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Number 619, May 15, 2011
"They all went to the theater expecting
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THE CURRENT ISSUE

EDITORIAL MATTERS:

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Time Peeper

ARTICLES

Nullification Act

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Three ads this week. We always have three ads.
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Letters to the Editor
from L. Neil Smith, Crazy Al, A.X. Perez, and Neale Osborn
READ ARTICLE

Atlas Shrugged: Part One
by L. Neil Smith
In 1962, like the lives of countless others, my life was changed, profoundly and forever, when a friend of mine gave me a paperback copy—which I still have, held together, much like its owner, with rubber bands—of Ayn Rand's then-five-year-old epic philosophical novel Atlas Shrugged. (It was changed all over again in 1979, when the author's ideas, expressed in the book, brought me and my wife Cathy together,) on TV meant to answer the then-current environmentalist whining about plastic.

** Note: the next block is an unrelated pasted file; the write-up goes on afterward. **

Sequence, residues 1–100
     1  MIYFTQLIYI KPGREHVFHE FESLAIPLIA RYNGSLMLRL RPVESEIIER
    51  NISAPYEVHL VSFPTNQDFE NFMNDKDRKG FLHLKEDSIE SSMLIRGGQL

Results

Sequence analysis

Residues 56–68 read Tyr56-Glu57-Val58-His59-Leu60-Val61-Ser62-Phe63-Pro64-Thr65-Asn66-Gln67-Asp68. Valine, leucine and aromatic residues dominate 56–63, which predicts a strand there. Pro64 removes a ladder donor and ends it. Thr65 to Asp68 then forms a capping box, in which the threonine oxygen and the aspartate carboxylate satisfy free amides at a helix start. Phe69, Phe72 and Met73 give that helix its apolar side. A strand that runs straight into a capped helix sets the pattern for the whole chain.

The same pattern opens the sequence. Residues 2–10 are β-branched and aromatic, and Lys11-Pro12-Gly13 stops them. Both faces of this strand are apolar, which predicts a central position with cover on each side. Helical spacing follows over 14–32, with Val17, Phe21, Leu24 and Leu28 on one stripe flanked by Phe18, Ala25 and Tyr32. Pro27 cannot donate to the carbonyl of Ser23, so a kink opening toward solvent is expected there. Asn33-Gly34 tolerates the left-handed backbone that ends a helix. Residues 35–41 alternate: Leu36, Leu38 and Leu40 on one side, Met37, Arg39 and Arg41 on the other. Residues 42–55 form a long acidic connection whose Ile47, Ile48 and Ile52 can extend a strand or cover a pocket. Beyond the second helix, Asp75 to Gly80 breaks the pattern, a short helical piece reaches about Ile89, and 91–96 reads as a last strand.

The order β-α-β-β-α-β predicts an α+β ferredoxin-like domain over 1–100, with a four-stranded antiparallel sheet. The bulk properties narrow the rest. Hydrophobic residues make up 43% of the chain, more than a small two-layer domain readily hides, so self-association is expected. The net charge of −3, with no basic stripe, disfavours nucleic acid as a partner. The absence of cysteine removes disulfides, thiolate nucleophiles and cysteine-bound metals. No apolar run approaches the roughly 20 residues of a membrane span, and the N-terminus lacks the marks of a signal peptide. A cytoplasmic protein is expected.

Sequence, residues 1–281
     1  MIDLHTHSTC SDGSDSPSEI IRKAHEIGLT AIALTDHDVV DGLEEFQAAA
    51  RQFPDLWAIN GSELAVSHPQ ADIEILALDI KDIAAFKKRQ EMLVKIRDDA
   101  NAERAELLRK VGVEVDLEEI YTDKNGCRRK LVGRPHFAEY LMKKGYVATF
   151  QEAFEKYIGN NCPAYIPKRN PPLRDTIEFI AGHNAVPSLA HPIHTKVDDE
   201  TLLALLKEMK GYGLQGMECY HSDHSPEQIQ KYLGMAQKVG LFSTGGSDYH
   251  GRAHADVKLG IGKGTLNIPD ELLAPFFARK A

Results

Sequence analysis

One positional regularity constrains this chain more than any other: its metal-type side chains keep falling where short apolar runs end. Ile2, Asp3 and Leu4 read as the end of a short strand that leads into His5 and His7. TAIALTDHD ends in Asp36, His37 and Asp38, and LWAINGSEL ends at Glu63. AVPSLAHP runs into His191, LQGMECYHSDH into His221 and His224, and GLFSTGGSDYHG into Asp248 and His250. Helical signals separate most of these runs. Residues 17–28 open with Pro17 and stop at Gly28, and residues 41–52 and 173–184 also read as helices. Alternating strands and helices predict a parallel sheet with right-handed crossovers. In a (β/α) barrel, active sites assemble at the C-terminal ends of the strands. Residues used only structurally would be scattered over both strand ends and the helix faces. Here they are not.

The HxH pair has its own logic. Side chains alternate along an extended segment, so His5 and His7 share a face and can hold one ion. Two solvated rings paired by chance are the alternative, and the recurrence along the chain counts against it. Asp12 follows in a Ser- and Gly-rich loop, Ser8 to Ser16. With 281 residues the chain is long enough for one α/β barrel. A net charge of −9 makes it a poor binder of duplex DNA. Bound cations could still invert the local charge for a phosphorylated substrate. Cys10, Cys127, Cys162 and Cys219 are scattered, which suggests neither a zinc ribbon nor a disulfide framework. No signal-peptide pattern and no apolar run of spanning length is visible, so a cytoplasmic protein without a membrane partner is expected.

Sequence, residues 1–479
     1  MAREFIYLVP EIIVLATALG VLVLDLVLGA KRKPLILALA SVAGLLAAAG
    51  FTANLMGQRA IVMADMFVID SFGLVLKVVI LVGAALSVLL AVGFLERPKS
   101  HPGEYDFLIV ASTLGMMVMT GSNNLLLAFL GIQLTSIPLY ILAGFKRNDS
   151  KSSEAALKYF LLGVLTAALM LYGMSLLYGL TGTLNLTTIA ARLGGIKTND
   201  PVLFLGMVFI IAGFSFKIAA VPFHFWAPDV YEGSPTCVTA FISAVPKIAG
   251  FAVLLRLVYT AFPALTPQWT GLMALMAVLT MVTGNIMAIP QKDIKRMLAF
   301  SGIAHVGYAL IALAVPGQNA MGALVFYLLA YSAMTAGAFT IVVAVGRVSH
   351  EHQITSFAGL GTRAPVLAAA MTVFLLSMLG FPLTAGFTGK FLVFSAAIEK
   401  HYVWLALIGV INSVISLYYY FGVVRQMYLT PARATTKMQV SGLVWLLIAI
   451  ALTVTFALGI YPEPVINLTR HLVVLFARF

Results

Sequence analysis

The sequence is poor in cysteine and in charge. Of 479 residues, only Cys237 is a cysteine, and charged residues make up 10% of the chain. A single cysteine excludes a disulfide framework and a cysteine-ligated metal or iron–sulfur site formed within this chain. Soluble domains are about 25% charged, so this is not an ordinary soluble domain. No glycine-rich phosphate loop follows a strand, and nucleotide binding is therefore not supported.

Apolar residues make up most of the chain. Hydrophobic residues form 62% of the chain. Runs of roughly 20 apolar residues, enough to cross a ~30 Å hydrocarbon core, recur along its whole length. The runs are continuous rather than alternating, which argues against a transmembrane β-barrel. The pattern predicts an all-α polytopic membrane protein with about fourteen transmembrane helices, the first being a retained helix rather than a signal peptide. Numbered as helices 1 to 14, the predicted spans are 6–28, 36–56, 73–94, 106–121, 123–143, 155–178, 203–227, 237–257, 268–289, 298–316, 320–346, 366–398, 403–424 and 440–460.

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Interpreting Venus Figurines—the Ambiguity of Descriptive Terms and their Impact on Reasoned Analysis of Artifacts
by Cathy L.Z. Smith
It has been variously suggested that the so-called Venus figurines portray goddesses, dolls, toys, wards, amulets, worry stones, and teaching aides, to name a few. They have been described as self-reverential, self-referential, educational, mystical, mythical, and erotic, with the advocates of various interpretations judged guilty, by some of their peers, of biases ranging from chauvinism, to feminism, to mysticism, to racism. In some cases those accusations are clearly appropriate, but in others they may not be true at all.
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Killing Osama
by L. Neil Smith
Well, here we are again, gentle reader, back where we shouldn't need to be, because any randomly selected five-year-old kid knows better. It's often refreshing, listening to conservative commentary. You know who I'm referring to. At least when we disagree with three quarters of what they say, it's a different three quarters than we are used to disagreeing with. And often, in the midst of arguments over guns, taxes, or monetary policy, we almost forget that we are not conservatives ourselves—and that there's a damned good reason for that.
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Passing the Test
by Tom Kozan